establish QoS communications between any two end-users.  Any
   Internet-wide solutions should also maintain a best-effort service
   that should remain the pre-eminent service as a consequence of the
   end-to-end argument [E2E].  If there is no path available within the
   requested QoS to reach a destination, this destination must remain
   reachable through the best-effort service.

   This memo does not place any specific requirements on the intra-
   domain traffic engineering policies and the way they are enforced.  A
   provider may deploy any technique to ensure QoS inside its network.
   This memo assumes only that QoS capabilities inside a provider's
   network can be represented as local-QoS-Classes (l-QCs).  When
   crossing a domain, traffic experiences conditions characterized by
   the values of delay, jitter, and packet loss rate that correspond to
   the l-QC selected for that traffic within that domain.  Capabilities
   can differ from one provider to another by the number of deployed
   l-QCs, by their respective QoS characteristics, and also by the way
   they have been implemented and engineered.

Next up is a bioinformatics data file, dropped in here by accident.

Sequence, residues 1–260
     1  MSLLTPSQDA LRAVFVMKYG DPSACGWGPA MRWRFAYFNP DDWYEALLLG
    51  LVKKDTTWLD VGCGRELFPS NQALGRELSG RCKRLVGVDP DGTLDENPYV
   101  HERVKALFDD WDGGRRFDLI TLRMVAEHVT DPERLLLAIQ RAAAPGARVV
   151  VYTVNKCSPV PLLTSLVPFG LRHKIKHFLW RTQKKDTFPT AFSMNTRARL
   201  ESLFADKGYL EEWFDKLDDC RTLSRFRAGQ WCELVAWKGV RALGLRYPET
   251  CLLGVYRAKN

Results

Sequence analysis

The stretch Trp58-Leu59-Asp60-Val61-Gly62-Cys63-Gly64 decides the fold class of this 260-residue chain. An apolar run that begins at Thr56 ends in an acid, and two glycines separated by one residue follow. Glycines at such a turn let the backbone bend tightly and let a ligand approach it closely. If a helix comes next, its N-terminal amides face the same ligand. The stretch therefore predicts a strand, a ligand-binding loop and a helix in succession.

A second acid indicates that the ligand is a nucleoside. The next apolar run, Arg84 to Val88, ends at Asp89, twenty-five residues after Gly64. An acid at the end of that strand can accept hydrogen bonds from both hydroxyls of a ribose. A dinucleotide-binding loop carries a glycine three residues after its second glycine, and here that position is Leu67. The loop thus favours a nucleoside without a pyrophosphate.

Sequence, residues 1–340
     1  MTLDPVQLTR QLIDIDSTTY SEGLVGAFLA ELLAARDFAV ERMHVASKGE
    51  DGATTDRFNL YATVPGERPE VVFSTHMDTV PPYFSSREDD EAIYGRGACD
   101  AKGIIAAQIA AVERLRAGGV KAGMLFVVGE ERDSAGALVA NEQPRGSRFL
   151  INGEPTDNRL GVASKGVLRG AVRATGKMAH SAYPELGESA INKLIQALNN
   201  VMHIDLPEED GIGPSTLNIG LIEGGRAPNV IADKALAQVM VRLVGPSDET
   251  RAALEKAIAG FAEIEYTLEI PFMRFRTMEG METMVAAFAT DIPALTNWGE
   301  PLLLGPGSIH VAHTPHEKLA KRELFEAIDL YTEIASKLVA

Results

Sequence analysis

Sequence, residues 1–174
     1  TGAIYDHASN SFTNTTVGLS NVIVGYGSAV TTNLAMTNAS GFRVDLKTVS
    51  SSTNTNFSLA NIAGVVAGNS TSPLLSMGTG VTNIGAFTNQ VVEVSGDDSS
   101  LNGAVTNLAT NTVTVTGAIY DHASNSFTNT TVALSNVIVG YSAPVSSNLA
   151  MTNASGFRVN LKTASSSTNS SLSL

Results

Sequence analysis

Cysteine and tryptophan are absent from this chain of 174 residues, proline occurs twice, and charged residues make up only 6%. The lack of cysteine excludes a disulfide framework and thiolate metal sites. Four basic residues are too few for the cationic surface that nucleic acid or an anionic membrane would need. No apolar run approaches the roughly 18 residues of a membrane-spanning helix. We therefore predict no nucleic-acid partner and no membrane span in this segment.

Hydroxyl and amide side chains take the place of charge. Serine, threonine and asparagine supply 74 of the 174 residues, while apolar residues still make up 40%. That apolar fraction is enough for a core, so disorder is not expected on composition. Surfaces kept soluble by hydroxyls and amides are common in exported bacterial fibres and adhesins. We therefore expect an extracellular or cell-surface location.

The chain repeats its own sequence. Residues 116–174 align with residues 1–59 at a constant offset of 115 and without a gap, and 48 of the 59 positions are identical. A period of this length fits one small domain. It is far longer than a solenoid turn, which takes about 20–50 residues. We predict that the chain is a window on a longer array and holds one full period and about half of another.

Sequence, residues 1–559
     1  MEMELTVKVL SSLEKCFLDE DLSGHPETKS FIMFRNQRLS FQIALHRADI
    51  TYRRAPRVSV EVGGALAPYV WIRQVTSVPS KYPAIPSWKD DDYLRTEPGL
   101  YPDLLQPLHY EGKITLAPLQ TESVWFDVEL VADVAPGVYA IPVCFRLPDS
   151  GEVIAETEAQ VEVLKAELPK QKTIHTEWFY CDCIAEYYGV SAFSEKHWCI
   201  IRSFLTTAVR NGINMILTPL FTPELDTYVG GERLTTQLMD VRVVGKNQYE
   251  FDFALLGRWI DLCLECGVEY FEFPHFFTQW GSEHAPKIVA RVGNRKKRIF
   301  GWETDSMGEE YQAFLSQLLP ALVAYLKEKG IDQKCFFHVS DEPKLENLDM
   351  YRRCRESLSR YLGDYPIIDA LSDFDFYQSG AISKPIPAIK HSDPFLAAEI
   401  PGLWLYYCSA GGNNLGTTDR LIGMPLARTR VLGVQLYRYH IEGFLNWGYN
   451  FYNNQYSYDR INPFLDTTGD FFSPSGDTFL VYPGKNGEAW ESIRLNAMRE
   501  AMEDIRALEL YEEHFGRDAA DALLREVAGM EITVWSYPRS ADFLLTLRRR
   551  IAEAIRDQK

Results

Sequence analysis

This memo analyzes provider-to-provider QoS agreements.  To avoid a
   great deal of complexity and scalability issues we assume these



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   agreements are negotiated only between two adjacent domains that are
   directly accessible to each other (immediate neighbors).  We also
   assume, because they exchange traffic, that these neighbors are BGP
   [RFC4271] peers.

   This memo defines terminology relevant to inter-domain QoS models and
   introduces a new concept denoted by Meta-QoS-Class(MQC) that drives
   and federates the way QoS inter-domain relationships are built.  The
   rationale for the MQC concept relies on a universal and common
   understanding of QoS-sensitive application needs.  Wherever end-users
   are connected, they experience the same QoS difficulties and are
   likely to express very similar QoS requirements to their respective
   providers.  Globally confronted with the same customer requirements,
   providers are likely to design and operate similar network
   capabilities.  Note that this document does not specify any protocols